We walked on a pristine beach this morning-my granddaughter and I. She is recently home from college in Canada, having completed her college career. No ceremonies so far, although a remote graduation ceremony is being contemplated by her university. Her Honors Research Essay is titled "Futuring Human Rights In The Pan-Canadian Framework"- a formidable examination of Canada's political engagement with climate change and how climate policies take into account (or ignore) the human rights of indigenous peoples.
As we walked the broad beach at the edge of a glittering ocean, a young seal kept bobbing up out of the water about 50 yards off shore, as though wanting to accompany us at a safe distance. A small flock of bright orange-billed oyster catchers skittered along ahead of us while a half dozen or so sandpipers delighted us with their comical movements at the water's edge. We marveled at how the landscape of the beach has change over the last few years due to severe ocean storms. Dunes that once obscured the water view have disappeared. The ocean is now visible from the road that leads to the beach.
We've been reading Octavia Butler's dystopic novels, Parable of the Sower and Parable of the Talents.
The novels were originally published in 1998 and, as the blurb on the back cover states, they are "shockingly prescient." Spanning the years from 2024 -2090, Butler's America is divided and dangerous. An ultra-conservative president who wants to "make America great" through "Christian" terror and oppression reigns through the second novel. Dramatic climate change, forest fires, sea level rise and the resulting population movement has made the west coast treacherous. Any semblance of a social contract has disappeared. Police sell out to the highest bidder. Human trafficking, slavery, hunger, and automatic weapons dominate the days of the main characters as they try to maintain their humanity. Fear governs all aspects of life.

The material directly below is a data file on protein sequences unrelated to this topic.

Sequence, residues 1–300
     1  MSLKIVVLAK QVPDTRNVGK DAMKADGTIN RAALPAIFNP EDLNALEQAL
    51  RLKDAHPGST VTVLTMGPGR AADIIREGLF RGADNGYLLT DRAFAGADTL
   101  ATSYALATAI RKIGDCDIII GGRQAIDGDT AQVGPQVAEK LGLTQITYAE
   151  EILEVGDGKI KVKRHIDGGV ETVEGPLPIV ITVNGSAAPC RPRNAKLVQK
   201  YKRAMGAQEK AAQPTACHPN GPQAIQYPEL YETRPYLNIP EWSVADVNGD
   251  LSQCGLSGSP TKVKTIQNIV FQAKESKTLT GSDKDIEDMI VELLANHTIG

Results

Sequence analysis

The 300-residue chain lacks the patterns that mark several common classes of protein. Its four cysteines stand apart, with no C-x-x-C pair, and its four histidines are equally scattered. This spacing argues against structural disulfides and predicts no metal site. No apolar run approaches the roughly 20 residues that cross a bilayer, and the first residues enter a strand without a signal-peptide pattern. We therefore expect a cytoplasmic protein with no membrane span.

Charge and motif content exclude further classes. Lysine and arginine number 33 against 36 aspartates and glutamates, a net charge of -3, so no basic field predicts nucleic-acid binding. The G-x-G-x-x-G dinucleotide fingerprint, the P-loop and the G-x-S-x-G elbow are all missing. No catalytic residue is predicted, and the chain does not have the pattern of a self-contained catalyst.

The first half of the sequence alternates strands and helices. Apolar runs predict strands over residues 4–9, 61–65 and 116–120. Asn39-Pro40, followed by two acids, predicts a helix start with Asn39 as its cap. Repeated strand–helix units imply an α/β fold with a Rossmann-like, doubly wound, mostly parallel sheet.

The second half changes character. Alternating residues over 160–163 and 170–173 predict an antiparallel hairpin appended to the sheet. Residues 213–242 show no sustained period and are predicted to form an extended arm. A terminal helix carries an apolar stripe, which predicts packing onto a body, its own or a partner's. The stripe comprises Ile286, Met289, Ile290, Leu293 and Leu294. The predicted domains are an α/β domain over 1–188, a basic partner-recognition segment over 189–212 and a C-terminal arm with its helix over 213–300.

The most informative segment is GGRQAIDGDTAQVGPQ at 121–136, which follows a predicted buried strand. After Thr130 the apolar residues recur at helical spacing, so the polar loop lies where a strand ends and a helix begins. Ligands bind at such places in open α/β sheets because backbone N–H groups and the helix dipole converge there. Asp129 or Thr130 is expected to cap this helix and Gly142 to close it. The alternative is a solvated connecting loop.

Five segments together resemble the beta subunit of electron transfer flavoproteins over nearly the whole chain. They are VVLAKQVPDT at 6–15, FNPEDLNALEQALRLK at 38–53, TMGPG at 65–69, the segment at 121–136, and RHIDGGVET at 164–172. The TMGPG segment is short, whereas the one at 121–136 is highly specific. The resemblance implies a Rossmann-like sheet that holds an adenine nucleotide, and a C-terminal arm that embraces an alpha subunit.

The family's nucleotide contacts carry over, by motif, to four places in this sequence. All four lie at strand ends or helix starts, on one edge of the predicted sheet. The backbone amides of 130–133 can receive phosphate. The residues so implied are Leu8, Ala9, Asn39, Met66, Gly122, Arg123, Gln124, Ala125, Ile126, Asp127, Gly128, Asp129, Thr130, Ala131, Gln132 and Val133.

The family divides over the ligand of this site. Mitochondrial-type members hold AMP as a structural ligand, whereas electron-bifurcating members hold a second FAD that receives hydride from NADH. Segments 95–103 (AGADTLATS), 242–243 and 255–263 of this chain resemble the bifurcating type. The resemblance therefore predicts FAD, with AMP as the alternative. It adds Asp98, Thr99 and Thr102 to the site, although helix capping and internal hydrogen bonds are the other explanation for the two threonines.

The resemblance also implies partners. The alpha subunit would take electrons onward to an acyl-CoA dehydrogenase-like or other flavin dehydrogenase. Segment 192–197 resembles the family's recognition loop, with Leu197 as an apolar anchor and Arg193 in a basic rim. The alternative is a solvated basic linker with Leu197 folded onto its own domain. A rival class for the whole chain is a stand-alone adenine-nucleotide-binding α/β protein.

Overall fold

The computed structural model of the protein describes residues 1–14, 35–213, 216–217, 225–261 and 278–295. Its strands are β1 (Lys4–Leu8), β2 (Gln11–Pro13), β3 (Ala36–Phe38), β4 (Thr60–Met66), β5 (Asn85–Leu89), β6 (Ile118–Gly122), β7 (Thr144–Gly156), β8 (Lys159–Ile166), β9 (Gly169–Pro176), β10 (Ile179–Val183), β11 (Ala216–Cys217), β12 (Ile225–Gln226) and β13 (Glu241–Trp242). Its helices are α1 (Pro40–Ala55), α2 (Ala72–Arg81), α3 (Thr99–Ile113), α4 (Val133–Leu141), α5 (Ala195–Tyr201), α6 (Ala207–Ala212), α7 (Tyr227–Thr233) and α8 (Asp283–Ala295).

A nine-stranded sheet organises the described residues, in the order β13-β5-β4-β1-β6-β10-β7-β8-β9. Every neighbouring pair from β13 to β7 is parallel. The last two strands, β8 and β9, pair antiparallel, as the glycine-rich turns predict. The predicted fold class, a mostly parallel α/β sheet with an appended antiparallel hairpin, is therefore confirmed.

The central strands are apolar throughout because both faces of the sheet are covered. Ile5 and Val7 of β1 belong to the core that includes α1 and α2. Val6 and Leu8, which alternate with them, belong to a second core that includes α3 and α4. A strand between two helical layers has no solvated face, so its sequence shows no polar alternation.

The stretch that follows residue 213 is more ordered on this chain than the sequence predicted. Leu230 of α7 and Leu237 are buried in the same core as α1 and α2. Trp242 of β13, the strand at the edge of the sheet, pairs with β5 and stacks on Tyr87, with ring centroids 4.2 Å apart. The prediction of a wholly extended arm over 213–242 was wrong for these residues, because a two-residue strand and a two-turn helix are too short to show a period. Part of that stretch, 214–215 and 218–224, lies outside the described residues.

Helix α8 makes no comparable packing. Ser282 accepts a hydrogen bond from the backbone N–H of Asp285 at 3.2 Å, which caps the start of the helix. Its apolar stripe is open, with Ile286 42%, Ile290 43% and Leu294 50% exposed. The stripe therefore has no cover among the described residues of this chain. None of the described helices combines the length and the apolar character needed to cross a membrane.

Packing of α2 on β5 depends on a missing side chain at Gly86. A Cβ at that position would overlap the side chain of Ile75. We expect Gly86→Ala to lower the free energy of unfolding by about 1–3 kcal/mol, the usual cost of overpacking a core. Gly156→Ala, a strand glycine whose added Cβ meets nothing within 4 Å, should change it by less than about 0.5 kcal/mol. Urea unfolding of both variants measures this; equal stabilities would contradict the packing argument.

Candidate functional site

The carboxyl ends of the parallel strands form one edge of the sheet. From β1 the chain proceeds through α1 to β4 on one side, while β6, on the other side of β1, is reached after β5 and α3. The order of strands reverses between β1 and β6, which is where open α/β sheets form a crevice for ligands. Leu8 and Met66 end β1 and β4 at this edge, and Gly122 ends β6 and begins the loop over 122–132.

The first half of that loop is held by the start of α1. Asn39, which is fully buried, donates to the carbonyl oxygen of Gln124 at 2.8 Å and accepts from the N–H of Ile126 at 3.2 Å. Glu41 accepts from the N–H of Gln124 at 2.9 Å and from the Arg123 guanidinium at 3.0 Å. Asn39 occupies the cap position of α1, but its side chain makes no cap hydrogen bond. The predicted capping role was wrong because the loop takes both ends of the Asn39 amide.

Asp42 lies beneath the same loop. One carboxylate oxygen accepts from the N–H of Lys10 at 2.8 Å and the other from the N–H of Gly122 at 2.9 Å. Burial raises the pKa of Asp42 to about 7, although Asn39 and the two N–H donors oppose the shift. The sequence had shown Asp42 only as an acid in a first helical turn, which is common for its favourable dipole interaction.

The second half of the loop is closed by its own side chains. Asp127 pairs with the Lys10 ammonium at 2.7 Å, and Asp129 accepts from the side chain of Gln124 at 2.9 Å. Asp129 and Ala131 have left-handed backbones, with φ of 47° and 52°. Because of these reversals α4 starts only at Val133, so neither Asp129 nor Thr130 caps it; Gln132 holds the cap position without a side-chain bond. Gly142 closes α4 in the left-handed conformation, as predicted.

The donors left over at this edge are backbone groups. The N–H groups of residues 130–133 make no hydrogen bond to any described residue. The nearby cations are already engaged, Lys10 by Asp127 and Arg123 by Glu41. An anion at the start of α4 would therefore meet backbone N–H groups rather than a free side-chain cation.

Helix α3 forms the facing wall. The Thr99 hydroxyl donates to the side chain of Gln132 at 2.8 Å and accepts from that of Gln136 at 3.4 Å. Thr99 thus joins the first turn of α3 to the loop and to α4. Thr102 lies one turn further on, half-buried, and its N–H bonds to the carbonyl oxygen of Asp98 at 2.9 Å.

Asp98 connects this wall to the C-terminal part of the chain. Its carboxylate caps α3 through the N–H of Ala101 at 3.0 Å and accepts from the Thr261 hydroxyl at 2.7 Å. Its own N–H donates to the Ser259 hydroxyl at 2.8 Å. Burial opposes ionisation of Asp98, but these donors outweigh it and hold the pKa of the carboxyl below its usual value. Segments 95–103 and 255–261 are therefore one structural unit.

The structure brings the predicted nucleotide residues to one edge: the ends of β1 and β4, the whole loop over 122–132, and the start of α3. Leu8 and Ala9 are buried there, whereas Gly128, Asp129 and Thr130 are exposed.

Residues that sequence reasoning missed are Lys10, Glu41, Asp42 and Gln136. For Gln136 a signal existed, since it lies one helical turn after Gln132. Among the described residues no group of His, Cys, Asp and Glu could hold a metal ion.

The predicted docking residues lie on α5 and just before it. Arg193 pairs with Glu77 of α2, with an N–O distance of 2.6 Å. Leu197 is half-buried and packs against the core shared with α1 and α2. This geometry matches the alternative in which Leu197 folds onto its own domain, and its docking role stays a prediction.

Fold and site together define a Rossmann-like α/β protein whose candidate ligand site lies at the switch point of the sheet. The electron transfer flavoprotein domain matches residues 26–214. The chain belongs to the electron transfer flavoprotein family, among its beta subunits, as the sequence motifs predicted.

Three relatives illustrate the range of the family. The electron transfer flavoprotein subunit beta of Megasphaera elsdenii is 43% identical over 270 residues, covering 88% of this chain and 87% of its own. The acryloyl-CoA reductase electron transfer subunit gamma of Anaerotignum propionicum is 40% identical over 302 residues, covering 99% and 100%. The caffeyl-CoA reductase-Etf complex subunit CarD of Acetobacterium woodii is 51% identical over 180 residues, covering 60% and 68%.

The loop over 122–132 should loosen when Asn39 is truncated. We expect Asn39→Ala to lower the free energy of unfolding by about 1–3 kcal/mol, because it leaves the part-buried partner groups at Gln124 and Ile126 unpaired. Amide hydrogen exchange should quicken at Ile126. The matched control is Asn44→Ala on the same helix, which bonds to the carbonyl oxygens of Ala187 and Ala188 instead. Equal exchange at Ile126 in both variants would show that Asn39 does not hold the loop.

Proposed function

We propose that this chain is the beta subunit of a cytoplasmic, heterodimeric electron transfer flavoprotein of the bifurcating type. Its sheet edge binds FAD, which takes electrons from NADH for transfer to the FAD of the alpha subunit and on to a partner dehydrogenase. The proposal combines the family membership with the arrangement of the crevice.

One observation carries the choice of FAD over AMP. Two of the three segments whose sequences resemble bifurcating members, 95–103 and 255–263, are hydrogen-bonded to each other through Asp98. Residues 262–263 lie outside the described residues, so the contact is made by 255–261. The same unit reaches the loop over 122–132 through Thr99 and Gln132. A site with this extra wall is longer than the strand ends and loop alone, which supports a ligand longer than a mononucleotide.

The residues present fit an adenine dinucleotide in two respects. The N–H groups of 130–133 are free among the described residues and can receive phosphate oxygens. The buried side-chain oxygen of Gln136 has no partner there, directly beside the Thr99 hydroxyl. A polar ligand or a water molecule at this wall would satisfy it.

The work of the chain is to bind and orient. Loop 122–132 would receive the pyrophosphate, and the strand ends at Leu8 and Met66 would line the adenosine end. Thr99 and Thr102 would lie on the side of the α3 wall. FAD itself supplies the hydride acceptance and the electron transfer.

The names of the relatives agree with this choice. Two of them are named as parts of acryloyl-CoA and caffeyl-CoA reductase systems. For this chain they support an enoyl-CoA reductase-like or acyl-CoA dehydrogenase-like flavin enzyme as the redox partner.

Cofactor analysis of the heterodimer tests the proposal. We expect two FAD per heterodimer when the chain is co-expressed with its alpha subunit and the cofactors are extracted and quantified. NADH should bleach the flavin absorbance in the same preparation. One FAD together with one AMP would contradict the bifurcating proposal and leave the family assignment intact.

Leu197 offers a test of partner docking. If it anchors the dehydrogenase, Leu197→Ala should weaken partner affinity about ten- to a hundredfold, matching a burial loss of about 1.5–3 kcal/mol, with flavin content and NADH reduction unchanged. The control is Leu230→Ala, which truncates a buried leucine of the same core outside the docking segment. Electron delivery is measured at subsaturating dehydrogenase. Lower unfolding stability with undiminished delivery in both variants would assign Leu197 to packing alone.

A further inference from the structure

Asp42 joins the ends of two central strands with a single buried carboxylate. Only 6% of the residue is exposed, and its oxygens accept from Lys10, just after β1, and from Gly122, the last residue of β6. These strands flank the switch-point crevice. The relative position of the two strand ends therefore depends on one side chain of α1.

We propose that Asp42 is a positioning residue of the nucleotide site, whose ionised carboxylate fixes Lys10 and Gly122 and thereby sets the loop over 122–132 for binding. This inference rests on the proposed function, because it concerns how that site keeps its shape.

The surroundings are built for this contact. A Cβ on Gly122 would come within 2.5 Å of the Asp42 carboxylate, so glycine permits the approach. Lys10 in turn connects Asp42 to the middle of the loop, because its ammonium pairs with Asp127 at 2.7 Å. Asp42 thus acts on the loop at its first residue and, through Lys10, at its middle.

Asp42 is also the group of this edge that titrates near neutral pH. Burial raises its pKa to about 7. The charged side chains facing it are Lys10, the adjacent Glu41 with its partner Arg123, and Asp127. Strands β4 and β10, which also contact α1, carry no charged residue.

This all made for heavy conversation on a glorious, heaven sent morning at the ocean's edge.
Later in the day, our Torah study group read portions of Leviticus that deal with the care of the land, the notion of a Jubilee Year when all land reverts to its original owners, when the land is permitted to rest without planting or harvesting for a full year. There are admonitions about how to treat people who fall into debt. Limits are set on the number of years that a person might be indentured. A certain trust is evoked as the tribes are commanded to let the land go fallow and eat only what the land produces of its own accord without planting and cultivation.
Somewhere between the aspirational principles of a Jubilee Year on the one hand and the utter dysfunction and devastation depicted in Butler's dystopia lies the profound call for human responsiblity.
Much of Butler's sci-fi writing portrays humankind being bailed out somehow by intelligent forces from beyond the planet, but the 2 novels we are reading now shift the responsibilities, the hope, and the future, directly onto humans here on earth. Through her characters she affirms that we have the brains and ingenuity and creativity and resilience to cope with dramatic change and to, indeed, shape the change in a positive way if we embrace the courage to do so in the face of seemingly unconquerable forces -both environmental and political.
Butler's novels are profoundly disturbing. Her dystopic future is unsettlingly near. But then there is this beautiful young woman walking by my side on the beach - - grappling with political affairs and policy management in a profoundly intelligent and compassionate way. And I find myself in better balance between despair and hope as I listen to her envisioning her future work - wherever it may lead her.